The Farming of Bones, Paperback
4 out of 5 (1 rating)


It is 1937, and Amabelle Desir is a young Haitian woman working as a maid for a wealthy family in the Dominican Republic, across the border from her homeland.

The Republic, under the iron rule of the Generalissimo, treats the Haitians as second-class citizens, and although Amabelle feels a strong sense of loyalty to her employers, especially since her own parents drowned crossing the river from Haiti, racial tensions are heightened when Amabelle's boss accidentally kills a Haitian in a car accident.

The accident is a catalyst for a systematic round-up of Haitians, ostensibly for repatriation but in fact a prelude to slaughter.

Amabelle, caught up in the chaos and confusion, returns to Haiti after much hardship to make a new life, but is for years uncertain of the fate of her lover, Sebastian, and haunted by a nagging sense of guilt. A powerful, fiercely economical and deceptively moving work, blending historical accuracy with lyrical brilliance.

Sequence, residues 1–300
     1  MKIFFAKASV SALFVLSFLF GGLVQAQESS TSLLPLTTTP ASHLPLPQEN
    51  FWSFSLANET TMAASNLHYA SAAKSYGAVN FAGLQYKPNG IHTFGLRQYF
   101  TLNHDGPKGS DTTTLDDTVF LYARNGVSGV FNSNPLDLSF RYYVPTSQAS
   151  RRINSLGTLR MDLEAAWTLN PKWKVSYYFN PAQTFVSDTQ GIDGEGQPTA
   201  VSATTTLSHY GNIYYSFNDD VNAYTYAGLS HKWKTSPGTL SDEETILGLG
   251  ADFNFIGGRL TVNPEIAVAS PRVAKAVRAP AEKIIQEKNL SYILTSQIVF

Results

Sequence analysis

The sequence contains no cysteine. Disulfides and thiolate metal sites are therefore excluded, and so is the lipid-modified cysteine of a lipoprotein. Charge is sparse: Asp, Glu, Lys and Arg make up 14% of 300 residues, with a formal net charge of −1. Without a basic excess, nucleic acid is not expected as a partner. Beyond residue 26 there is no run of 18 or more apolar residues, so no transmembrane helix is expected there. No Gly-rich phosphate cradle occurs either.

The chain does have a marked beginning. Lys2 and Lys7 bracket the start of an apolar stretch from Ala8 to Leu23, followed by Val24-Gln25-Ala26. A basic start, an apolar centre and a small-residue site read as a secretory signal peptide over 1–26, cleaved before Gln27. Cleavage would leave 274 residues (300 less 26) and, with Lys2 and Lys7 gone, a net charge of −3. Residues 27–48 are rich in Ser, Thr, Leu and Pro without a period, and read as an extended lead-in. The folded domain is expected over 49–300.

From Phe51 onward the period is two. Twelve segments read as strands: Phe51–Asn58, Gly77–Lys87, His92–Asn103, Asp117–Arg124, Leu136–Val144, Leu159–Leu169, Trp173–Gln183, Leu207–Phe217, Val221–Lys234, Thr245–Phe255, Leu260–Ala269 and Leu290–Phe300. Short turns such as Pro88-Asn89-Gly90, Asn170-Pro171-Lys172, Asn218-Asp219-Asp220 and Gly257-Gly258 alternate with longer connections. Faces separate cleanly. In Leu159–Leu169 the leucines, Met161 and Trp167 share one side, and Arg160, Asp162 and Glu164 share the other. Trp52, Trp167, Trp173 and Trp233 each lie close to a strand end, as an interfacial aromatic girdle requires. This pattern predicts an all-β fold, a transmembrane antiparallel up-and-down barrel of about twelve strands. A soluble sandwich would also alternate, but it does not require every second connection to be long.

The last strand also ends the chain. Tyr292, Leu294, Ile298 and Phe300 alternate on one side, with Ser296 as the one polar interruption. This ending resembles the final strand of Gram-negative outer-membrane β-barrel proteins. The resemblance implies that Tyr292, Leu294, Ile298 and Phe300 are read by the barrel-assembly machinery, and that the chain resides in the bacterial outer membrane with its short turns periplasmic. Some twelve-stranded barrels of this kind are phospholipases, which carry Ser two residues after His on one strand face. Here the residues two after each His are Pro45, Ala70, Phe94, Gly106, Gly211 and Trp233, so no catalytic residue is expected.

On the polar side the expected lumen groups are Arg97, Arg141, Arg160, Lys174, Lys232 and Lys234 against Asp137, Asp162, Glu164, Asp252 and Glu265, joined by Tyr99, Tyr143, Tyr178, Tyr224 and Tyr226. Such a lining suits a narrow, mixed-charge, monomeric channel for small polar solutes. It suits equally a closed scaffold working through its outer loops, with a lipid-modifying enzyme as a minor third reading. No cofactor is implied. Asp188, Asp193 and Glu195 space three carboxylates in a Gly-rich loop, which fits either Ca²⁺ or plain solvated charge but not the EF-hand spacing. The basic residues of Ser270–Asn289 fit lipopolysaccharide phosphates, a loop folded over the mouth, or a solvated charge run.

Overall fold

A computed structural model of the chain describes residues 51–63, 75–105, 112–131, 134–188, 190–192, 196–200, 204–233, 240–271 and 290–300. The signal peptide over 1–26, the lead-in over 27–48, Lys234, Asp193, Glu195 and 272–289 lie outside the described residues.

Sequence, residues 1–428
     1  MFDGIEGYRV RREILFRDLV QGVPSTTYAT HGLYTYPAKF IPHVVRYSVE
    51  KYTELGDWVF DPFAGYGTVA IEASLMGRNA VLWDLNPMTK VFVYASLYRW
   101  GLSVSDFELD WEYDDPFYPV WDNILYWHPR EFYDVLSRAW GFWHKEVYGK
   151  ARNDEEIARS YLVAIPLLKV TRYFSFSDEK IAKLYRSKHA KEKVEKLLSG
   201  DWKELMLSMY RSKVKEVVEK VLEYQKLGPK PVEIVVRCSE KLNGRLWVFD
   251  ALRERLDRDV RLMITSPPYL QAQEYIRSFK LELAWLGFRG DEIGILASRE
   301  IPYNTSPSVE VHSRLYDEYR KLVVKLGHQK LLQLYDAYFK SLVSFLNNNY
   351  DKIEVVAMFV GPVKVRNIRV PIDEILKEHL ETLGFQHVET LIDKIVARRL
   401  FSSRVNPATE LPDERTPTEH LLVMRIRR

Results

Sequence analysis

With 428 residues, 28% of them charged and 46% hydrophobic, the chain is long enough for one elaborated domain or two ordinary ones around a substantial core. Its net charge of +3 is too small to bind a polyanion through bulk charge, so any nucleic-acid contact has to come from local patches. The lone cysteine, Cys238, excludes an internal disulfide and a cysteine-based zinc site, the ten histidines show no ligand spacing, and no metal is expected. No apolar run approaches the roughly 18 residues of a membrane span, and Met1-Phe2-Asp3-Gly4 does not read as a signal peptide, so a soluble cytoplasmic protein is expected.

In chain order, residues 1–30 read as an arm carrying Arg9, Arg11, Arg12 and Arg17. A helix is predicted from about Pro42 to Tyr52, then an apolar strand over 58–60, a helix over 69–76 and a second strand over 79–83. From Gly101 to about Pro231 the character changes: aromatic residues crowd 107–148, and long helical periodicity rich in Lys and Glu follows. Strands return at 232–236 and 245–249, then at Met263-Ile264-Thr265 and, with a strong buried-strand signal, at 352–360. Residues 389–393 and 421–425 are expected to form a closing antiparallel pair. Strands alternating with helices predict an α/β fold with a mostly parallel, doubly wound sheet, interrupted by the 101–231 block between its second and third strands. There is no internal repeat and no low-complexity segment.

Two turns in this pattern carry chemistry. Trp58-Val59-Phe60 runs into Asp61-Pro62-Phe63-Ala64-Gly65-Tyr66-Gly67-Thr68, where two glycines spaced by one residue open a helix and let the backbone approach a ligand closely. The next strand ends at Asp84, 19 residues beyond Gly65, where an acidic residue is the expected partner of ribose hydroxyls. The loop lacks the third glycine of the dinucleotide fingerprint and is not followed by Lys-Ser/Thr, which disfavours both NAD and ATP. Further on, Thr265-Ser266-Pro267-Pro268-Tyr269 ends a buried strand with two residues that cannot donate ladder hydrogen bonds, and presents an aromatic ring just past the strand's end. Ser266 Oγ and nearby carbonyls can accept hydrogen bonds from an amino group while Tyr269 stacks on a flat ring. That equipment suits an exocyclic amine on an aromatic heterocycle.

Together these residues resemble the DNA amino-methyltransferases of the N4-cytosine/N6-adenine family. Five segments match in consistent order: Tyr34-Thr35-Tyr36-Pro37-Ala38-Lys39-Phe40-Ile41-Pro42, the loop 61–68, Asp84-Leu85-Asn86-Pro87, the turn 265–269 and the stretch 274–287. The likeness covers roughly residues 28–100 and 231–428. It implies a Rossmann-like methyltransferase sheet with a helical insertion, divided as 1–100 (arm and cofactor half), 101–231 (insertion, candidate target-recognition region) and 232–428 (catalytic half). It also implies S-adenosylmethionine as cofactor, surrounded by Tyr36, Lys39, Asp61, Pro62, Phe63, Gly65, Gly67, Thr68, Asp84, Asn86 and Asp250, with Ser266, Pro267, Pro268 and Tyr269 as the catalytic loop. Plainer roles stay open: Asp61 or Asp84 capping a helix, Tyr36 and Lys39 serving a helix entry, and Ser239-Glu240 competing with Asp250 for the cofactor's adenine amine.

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The Farming of the Bones by Edwidge Danticat was a surprising and eye-opening read for me. My first clue that this was going to take me somewhere that I would be uncomfortable to read about was when I realized the setting of this book was the Dominican Republic in 1937. Then I read of Generalissimo Trujillo, who I knew as the dictator who was responsible for the deaths of over 50,000 people. Yet this story opened gently, told in the words of the main character Amabelle Desir and gives no hint of the violence that is to come.The story overall is subtle and understated and builds slowly. This author writes of horrific events that came to be known as the Parsley Massacre in a sparse way yet vividly conveys the shock, disbelief and fear that was felt as Amabelle stumbles through this time of terror, searching for her loved ones and making her escape to Haiti.The Farming of the Bones is a story of loss and grief. I felt that this was a very personal novel for the author as it projected a feeling of giving evidence or bearing witness. For me, I found this story to be a hauntingly beautiful written example of man’s constant inhumanity to man.

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